How Justin Roiland Came Up With The Idea For Rick And Morty

Eight years ago, "Rick and Morty" debuted on Adult Swim as an oddity that seemed pulled straight from the wacky programming of interdimensional cable that appears in the show's episode "Rixty Minutes." Yet contrary to what you might think, the hit show created by Justin Roiland and Dan Harmon didn't just emerge one day from a green portal fully-formed, nor did its two titular characters.

Centering on the sci-fi misadventures of its grandfather and grandson duo, "Rick and Morty" walks a tight-rope of existential and extraterrestrial terrors, balancing it all through the black humor of Rick's nihilistic tendencies and Morty's optimistic naïveté. With the release of the show's fifth season in June of this year and plans for a sixth season already confirmed, not to mention a spin-off "The Vindicators" series, Rick and Morty are doing pretty well for themselves in this reality as the stars of their animated sitcom. But the duo's origin story as creations of Roiland's is just as sordidly comical and bizarre as the show itself.

From Doc and Mharti To Rick and Morty

If Rick's lab coat, hair, and knack for creating awe-inspiring inventions didn't give it away, Roiland's inspiration for the character comes straight from the original cinematic offbeat scientist: Doc Brown. Which makes Morty by association Marty — or Mharti, the name Roiland gives the red puffer vest wearing sidekick in his short "The Read Animated Adventures of Doc and Mharti." The not-so-subtle "Back to the Future" reference wasn't the first time Roiland used parody as a jumping off point for his shock-value animations, as the year before he'd developed a cult hit in "House of Cosbys," which also starred Harmon and a rotating cast of guest stars. The success was short-lived however and the show ended prematurely when Roiland received a cease-and-desist letter from Cosby's lawyers — although that was probably for the best in retrospect.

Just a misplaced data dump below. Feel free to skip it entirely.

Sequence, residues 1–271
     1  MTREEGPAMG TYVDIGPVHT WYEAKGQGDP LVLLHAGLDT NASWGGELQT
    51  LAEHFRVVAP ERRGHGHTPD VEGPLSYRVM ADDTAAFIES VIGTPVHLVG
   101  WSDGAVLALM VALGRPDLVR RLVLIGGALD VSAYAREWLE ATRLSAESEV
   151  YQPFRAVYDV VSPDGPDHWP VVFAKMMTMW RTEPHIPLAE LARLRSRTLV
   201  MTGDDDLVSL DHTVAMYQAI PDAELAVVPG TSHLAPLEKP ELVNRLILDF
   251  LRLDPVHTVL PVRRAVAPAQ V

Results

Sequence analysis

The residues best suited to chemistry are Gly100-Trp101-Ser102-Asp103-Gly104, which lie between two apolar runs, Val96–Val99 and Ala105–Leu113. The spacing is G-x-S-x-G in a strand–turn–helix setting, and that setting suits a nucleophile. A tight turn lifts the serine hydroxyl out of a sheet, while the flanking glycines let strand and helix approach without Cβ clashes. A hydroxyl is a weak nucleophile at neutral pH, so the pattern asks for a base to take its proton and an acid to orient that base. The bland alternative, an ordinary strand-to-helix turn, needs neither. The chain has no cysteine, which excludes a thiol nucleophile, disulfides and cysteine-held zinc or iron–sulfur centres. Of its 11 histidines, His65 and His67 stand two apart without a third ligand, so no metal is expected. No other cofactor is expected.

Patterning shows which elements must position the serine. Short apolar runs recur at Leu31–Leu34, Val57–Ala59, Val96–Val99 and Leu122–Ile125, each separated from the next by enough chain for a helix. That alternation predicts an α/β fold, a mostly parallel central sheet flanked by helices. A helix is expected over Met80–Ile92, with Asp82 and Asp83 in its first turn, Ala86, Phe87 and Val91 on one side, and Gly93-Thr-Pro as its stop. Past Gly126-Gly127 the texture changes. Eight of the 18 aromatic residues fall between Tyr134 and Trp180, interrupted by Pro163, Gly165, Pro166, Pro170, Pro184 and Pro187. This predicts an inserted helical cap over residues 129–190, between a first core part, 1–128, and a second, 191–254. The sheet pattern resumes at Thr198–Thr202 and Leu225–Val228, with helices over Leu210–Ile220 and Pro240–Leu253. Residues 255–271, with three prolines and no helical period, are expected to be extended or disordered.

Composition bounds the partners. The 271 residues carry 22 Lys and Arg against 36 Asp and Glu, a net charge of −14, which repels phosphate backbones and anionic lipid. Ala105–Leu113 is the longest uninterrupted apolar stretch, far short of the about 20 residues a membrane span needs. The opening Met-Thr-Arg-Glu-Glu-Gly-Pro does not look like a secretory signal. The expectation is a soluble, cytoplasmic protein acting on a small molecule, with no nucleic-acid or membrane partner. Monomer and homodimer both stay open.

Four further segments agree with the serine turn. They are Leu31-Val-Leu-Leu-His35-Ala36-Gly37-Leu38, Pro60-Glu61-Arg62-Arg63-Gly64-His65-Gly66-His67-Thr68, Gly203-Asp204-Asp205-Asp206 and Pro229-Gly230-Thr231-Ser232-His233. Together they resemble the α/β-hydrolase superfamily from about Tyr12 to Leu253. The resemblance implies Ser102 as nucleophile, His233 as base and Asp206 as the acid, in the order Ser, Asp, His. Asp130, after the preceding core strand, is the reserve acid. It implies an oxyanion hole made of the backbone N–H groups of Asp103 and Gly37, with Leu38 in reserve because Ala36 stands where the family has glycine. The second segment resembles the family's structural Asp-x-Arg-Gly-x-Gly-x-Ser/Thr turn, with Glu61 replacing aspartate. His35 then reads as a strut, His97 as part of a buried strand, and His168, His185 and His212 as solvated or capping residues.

Which is why when Roiland submitted his perverse and hilarious short in 2006 Channel 101 short film festival, he changed the names of his duo to Doc Smith and Mharti McDonalds to avoid more letters. Though a rough-edged precursor to the beloved flawed characters you know today, both Harmon and the audience found themselves rolling in laughter at its twisted punchlines. Roiland created close to 15 minutes worth of shorts for the two characters, but ultimately Doc and Mharti shared the same fate as Rick, Morty, and Summer in "A Rickle in Time": trapped in a quantum-uncertain state with the rest of Schrodinger's cats. It would take years and perfect timing before Rick and Morty would begin to remotely resembled what they are now.

Harmon Hand-Picked Roiland

If "Rick and Morty" has taught us anything, it's that at the center of every great story is an odd-couple duo. The same can be said for the show's creators Roiland and Harmon. After meeting at Channel 101, which Harmon helped co-found, Roiland started making an impression with his gruesome but potent humor. It wasn't long before they started collaborating, first on "House of Cosbys," and years later in 2012 when Harmon got a call from Adult Swim to create a new primetime show. Harmon, who was tentative about the whole thing because he felt unsuited creating what the channel was looking for and lacked animation experience, called Roiland for help. Meanwhile Roiland himself was stuck in a rut, having just come off three failed animated pilots for Fox, and he jumped at the chance to redevelop Doc and Mharti into Rick and Morty.

It's almost inconceivable to think that without Roiland and Harmon's burgeoning friendship and professional collaborations, the world would be so deprived of such gems as Rick's szechuan sauce or vat of acid bits. But fans can take comfort knowing they live in a reality where Roiland went on to create "Rick and Morty" with Harmon, a show with as many fourth-wall breaks as burps, and not — say — six seasons of an early 2000s series about Bill Cosby.